"Well, congratulations," I said both to him and the fisherman, "I'm glad you're going to eat it." My heart melted in that moment as I watched the struggling fish trying to breath with is bleeding cut off tail. It must have been in pain and not killing it outright, but letting it suffer in this manner seemed cruel to me. I appreciate killing for food. I do not like killing just for sport. But, I also respect life enough to not let the creature suffer. These men didn't care about that part at all. In my mind's eye, I put my finger tips between the stingray's eyes on its "third eye" and blessed it. I thanked it for it's sacrifice and it's life. I asked it to provide a tasty meal for this young man, and then I had to walk away. I thought I would cry, but I didn't. It's food, I thought again.
Witnessing this catch was very exciting. I learned lots of knew things about catching, eating and cooking stingray. A woman and her friend walking by expressed her revulsion at eating such a thing. She would never even consider it. "Where's your sense of adventure," I posed to her. She just laughed me off and kept walking. Once again, I missed the opportunity to capture this event on digital film. I have not once remembered to bring my camera on our walks. But I am still praying for the life of that stingray, hoping God will kill it quickly and not let it suffer too much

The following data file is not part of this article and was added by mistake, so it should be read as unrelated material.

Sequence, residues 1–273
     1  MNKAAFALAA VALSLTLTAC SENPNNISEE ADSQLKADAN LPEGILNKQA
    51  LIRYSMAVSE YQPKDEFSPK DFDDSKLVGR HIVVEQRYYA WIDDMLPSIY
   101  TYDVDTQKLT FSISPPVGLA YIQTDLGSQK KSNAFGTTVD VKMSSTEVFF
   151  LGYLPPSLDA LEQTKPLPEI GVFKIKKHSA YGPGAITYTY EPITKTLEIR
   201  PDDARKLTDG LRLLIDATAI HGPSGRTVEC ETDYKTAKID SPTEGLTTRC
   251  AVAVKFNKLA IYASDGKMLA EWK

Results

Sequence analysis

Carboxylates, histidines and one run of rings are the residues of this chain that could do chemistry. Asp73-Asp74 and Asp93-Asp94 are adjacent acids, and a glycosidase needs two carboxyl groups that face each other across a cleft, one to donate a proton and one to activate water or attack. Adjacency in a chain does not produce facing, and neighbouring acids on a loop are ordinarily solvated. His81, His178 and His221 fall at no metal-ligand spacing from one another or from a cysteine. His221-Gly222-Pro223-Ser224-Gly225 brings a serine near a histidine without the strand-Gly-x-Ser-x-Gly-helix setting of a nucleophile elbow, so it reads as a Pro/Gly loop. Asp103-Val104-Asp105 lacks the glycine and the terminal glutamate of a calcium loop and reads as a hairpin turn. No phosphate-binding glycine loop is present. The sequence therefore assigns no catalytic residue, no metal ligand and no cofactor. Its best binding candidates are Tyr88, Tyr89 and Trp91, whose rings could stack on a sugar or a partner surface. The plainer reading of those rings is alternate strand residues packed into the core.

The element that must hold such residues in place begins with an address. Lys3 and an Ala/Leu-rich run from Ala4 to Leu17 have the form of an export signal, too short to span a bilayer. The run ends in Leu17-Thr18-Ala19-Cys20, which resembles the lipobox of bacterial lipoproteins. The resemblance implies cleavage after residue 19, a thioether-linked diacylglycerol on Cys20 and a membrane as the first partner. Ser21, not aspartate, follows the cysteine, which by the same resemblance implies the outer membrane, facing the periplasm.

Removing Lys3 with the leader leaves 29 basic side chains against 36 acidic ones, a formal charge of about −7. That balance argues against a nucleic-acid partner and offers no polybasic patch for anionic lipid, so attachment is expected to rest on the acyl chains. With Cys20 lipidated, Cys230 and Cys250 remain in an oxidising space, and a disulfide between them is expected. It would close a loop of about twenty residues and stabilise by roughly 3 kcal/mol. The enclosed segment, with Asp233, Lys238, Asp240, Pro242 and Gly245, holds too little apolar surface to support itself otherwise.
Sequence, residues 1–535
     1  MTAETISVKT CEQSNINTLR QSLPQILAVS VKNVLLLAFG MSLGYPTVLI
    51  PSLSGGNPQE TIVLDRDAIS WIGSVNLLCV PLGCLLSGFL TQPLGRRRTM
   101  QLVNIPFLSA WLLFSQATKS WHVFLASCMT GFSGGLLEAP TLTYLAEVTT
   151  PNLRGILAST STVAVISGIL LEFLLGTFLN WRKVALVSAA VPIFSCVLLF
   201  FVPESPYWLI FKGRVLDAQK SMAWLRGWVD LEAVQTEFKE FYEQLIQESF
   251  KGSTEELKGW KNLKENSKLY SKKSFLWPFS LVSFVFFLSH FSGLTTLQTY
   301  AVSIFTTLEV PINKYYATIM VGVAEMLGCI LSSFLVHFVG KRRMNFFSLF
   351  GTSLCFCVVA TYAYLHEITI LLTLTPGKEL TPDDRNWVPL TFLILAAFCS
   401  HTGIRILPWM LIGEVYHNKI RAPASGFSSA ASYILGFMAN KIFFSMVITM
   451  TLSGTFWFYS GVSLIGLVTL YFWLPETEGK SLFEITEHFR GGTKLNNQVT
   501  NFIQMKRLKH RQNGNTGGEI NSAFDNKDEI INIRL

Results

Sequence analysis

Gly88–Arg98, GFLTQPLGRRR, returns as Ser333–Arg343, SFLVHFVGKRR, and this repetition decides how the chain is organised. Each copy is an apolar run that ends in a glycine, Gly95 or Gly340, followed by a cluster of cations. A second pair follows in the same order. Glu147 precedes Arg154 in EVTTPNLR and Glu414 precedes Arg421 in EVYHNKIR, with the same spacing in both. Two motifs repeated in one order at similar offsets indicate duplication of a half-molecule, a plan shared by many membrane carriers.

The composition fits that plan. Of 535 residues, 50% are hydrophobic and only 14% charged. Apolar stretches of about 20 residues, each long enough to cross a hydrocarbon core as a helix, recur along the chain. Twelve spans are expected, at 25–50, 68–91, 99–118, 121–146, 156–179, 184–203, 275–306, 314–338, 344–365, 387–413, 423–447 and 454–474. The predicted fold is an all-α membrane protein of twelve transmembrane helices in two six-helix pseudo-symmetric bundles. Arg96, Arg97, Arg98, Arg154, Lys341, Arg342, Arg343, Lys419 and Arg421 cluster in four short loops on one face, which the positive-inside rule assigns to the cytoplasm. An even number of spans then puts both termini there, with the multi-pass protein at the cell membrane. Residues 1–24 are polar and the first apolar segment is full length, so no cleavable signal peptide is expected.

As we walked back by to finish our walk, we saw the young man had not taken the fish away. I didn't see him anywhere. The old man left it on the wet sand and had pulled his cart over it. Was he hiding it or protecting it from dogs being walked on the beach. I heard the fisherman tell him the law was to catch and release it right away. The stingray was the same color as the wet sand, so I imagined if the beach police rode by, they would not see anything obvious. We also noticed that they were present while the fisherman was reeling in his catch, but left the scene before seeing what he had caught. Maybe they don't monitor licenses or catches on beaches that survive through tourism. I really don't know. It just upsets me that those men had no respect for that poor fish and let it die slowly instead of finishing the job on the spot. When we walked back by, the stingray was not moving. Again, I had to tell myself, "It's food," and try to let it go.